Voices

Angela Reid – Deputy LeaderGreen Party of British Columbia (Kelowna, BC) – Angela has run as a Green Party candidate in four elections, two provincial and two federal, between 2001 and 2006. In the spring of 2006, Angela was appointed to the Federal Council of the Green Party of Canada (GPC), and soon after was elected as a Councillor at Large during the GPC’s August Convention in Ottawa. Angela is also the CEO of the GPC’s Kelowna Electoral District Association, and was recently appointed the Okanagan Regional Representative for the Green Party of British Columbia. She operates Tigress Ventures – providing consulting services for environmental and socially oriented businesses.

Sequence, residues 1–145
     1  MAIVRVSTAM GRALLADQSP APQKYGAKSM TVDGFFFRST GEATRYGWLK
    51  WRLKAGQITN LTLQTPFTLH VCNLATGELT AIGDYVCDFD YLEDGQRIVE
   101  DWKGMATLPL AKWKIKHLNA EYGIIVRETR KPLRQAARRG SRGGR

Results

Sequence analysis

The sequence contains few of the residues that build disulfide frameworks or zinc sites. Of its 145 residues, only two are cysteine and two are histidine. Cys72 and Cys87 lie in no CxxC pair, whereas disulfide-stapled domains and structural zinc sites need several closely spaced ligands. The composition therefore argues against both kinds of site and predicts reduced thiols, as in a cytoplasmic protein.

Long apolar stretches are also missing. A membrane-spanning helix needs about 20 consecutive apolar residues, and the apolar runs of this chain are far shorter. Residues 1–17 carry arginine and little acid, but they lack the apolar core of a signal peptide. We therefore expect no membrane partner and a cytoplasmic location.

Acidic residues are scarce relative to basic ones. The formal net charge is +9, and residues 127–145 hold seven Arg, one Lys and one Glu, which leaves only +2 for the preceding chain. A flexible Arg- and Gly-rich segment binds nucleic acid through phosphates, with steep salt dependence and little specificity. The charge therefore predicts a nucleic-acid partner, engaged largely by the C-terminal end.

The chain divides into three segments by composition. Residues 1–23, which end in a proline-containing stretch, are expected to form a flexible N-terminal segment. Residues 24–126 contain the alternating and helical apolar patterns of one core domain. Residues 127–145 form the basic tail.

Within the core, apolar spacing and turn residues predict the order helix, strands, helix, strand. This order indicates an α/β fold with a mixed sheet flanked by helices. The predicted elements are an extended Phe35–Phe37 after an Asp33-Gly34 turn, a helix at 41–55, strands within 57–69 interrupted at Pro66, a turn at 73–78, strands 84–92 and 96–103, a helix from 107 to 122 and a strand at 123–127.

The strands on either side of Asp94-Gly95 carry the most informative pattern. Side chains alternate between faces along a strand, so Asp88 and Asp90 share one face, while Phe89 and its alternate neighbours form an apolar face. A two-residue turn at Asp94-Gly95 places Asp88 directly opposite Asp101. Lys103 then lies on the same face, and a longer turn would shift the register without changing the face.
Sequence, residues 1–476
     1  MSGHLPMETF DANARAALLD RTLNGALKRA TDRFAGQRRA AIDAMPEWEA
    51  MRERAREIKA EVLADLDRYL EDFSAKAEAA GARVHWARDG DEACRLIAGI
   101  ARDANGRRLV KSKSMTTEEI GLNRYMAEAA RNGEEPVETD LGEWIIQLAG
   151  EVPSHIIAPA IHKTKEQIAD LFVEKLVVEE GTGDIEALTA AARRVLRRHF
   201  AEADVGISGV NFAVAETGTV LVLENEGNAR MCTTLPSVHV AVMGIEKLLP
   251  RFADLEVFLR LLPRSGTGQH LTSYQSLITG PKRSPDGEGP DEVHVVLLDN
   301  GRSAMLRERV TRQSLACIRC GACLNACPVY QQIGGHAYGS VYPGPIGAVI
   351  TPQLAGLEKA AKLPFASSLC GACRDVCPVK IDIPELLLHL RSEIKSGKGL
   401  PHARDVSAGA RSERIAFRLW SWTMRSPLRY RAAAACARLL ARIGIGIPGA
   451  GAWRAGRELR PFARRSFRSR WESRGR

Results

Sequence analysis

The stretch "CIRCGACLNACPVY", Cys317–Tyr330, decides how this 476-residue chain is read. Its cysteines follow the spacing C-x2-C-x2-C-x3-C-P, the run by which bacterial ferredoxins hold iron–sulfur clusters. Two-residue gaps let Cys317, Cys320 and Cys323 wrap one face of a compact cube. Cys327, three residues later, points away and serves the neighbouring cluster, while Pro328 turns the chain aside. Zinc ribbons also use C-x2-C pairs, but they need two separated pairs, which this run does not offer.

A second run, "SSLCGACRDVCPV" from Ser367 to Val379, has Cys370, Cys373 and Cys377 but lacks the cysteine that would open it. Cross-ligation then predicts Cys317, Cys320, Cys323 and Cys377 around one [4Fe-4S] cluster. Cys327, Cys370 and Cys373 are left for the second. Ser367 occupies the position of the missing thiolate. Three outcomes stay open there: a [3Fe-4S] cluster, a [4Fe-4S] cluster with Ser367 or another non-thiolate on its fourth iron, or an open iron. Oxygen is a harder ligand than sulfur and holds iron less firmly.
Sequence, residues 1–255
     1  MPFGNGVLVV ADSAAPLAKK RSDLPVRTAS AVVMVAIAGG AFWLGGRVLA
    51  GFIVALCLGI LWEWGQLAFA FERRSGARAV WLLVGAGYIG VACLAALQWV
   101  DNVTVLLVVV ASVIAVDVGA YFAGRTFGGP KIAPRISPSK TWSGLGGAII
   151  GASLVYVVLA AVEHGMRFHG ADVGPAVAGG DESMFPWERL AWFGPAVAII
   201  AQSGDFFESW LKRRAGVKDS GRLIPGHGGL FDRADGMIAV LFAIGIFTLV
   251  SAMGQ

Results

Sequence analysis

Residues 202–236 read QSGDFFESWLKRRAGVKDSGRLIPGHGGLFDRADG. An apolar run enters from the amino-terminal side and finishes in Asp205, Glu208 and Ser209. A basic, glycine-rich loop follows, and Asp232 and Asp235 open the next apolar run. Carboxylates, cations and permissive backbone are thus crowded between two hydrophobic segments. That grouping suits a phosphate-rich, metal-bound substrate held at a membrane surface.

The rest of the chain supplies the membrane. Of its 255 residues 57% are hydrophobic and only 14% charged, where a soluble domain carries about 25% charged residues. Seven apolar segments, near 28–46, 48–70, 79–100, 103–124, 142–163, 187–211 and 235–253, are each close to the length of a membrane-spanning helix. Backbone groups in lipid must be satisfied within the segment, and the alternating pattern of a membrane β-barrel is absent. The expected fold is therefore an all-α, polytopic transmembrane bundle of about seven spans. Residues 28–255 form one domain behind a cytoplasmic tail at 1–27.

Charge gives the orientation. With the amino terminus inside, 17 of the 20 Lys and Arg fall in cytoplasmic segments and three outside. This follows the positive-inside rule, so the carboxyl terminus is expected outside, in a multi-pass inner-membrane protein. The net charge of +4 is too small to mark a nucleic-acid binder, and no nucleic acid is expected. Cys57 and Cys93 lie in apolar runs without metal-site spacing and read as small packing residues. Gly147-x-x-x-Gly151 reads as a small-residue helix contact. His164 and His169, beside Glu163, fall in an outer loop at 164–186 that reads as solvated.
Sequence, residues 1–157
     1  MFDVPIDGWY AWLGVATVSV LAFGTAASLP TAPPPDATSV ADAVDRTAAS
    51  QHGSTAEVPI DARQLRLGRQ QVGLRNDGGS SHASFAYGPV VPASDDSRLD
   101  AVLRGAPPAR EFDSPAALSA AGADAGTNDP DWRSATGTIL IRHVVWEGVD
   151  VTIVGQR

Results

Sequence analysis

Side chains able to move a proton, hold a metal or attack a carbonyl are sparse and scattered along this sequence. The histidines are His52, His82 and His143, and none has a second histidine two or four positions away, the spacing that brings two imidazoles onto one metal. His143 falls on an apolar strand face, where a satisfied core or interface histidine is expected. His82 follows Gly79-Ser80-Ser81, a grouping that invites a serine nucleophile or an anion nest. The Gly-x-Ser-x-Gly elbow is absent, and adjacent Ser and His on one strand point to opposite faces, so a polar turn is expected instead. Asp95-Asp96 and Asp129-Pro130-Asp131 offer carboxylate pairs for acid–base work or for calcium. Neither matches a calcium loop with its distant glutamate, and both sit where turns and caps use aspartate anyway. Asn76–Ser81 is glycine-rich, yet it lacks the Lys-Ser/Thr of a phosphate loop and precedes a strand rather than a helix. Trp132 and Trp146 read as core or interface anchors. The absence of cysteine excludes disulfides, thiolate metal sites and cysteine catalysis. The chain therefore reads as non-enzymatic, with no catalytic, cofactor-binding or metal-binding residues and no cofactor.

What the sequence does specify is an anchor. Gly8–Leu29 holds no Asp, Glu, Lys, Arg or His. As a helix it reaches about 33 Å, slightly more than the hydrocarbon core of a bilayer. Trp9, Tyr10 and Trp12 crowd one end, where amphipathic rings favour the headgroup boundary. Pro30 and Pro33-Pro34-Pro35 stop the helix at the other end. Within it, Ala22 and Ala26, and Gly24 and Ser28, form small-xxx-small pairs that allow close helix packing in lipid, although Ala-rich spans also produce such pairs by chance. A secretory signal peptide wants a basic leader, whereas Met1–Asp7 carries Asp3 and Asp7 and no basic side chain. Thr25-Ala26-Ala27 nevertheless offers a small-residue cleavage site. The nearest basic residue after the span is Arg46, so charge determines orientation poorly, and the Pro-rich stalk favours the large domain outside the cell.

Gord McAdams – CouncillorCity of Nelson (Nelson, BC) – Gord has worked as an Ecologist for BC’s Ministry of Water, Air and Land Protection. In 2005, he was fired for bringing confidential government documents to the BC Supreme Court in support of a court action brought by the West Kootenay Ecosociety. The documents showed that the Minister of Water, Land and Air Protection had made “an unauthorized exercise of his statutory power” when he favoured a developer by agreeing to move an access road in Grohman Narrows Provincial Park. The government documents clearly stated that the new road would bury nests and kill eggs of endangered painted turtles in the Park. On December 11, the Campaign for Open Government and the BC Freedom of Information and Privacy Association presented Gord with the Whistleblower Award for 2007.

Direct download: DD011708.mp3
Category:general -- posted at: 12:00pm EST

The Colonization of the Canadian Farmer II: Canadian Media and Creating GE-Free Zones